The third place is the concept of having a social location where people spend time that's not home or work. It's all the rage and the key to getting more customers in the door. You see it in Starbucks, where rather than rush you out the door, they encourage you to stick around with popular music, Internet access and comfy chairs. Bookstores do this too, with places to sit and read, waterfalls, and their own coffee shops. We've added the mom's lounge, but the game center is our third place.
A game store is actually a much better third place than the examples I've given, because people actually interact. Are a bunch of people drinking coffee physically in one room, but socially isolated, really together? A game store is unplugged and you'll need to interact with others to play our games. But this opportunity can also be a problem, because I'm first and foremost a business owner, a merchant, and not a cop, psychologist, or your mom. Our high level of interaction can be fraught with perils, something the average Starbuck's employee probably hasn't had to deal with.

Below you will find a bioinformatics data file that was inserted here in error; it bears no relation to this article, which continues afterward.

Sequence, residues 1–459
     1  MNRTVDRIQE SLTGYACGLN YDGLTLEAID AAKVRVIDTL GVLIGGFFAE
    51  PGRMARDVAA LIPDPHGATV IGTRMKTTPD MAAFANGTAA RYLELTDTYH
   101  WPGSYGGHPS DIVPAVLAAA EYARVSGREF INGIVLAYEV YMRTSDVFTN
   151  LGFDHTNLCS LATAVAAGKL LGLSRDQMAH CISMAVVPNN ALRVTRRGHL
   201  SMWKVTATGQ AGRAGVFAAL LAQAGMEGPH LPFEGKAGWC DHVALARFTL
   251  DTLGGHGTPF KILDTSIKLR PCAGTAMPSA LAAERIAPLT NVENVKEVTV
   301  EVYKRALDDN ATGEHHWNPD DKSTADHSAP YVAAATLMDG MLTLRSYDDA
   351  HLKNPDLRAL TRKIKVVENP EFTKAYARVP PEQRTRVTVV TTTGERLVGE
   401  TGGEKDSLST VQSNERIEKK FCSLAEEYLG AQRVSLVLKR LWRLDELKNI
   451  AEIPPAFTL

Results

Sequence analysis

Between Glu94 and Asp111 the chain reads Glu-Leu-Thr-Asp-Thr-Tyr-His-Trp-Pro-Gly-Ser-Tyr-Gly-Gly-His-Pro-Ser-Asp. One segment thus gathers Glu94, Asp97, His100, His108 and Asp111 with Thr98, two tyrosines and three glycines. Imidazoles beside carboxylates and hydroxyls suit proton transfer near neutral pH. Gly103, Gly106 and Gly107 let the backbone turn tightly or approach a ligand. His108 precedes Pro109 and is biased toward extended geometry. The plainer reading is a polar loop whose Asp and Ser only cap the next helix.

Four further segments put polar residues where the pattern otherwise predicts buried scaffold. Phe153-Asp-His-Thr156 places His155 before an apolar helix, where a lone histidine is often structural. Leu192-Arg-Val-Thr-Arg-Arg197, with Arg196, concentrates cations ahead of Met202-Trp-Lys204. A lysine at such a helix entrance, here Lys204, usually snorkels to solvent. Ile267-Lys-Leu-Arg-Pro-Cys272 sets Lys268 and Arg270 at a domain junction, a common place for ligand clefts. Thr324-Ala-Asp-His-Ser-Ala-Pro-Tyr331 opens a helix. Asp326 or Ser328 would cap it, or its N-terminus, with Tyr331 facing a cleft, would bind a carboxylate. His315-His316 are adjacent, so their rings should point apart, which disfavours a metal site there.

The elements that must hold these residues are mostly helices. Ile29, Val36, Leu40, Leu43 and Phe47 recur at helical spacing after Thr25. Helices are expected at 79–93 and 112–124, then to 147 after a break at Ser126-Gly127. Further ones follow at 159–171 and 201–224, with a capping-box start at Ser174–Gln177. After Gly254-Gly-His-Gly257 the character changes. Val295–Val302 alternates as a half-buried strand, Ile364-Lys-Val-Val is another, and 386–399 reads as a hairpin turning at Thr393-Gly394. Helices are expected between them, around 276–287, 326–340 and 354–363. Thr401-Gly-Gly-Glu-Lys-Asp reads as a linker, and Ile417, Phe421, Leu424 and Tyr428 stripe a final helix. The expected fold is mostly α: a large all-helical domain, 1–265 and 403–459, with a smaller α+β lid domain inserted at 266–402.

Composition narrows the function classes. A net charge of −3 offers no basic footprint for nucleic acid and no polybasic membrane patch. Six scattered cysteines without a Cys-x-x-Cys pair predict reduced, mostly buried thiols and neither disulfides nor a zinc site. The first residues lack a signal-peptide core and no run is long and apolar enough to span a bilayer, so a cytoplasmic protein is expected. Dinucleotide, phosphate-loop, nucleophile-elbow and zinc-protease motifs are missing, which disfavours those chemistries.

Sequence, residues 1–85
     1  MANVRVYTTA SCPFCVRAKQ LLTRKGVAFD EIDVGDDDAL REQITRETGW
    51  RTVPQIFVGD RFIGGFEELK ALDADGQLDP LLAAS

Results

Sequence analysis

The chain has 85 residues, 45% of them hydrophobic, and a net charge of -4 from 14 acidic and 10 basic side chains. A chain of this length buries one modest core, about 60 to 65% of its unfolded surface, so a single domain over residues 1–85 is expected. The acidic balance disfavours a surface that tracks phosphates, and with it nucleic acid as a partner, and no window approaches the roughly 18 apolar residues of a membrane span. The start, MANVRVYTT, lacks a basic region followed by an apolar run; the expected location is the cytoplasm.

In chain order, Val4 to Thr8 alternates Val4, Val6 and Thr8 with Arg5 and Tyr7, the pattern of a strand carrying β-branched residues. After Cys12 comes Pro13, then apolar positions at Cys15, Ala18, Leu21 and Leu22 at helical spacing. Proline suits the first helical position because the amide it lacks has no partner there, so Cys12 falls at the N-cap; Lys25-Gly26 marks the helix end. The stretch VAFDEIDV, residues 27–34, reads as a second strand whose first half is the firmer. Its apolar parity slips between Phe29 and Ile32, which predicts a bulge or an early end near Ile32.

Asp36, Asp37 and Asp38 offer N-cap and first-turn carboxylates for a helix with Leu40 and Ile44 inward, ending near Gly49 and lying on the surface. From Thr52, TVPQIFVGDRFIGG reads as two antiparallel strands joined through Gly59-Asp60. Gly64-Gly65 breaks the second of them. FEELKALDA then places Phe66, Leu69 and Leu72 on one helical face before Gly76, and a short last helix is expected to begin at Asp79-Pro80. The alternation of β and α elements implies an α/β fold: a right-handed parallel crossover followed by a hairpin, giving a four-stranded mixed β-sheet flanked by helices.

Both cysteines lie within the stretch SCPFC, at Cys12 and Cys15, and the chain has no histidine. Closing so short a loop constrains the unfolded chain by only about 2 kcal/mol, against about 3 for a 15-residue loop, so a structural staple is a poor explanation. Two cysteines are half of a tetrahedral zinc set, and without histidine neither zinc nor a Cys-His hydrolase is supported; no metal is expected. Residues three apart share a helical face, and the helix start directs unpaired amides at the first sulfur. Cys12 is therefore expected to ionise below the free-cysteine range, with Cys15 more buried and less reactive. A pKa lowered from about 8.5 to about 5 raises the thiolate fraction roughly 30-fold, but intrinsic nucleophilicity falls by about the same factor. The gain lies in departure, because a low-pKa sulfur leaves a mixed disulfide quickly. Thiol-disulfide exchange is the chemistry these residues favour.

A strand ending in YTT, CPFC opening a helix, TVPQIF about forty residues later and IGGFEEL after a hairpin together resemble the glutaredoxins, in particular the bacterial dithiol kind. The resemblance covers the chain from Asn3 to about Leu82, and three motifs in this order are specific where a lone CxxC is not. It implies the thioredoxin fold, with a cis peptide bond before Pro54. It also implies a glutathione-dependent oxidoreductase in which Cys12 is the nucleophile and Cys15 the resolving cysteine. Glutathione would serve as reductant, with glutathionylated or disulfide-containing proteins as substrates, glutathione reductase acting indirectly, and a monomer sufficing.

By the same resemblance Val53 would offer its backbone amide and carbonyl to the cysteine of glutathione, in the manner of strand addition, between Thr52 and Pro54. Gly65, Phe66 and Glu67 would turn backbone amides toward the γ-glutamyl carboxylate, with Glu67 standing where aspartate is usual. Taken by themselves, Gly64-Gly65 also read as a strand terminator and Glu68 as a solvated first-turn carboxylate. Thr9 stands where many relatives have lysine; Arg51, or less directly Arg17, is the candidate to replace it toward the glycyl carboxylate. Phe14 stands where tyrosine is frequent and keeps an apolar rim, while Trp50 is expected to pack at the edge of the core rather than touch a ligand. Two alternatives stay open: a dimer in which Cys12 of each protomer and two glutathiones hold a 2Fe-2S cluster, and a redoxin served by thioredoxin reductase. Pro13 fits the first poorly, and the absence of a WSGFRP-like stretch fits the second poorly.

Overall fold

This was made clear this week when an upset mother paid me a visit. Her daughter met a boy at the store. Hyjinx followed when they got together later on. Although I'm sympathetic, what was I to do about it? The mother was hoping to track this guy down, through sign-up sheets or the like, but we have open gaming, and no such sheets. She shook her head in disbelief at our open third place community. Starbucks doesn't sign you in, nor does the park down the street, so it doesn't quite follow that we would somehow log our customers (another consideration when considering security cameras). In fact, that assumes a level of responsibility that I frankly don't want to have. If you ever doubted our third place was more intimate than a Barnes & Noble, here's your proof.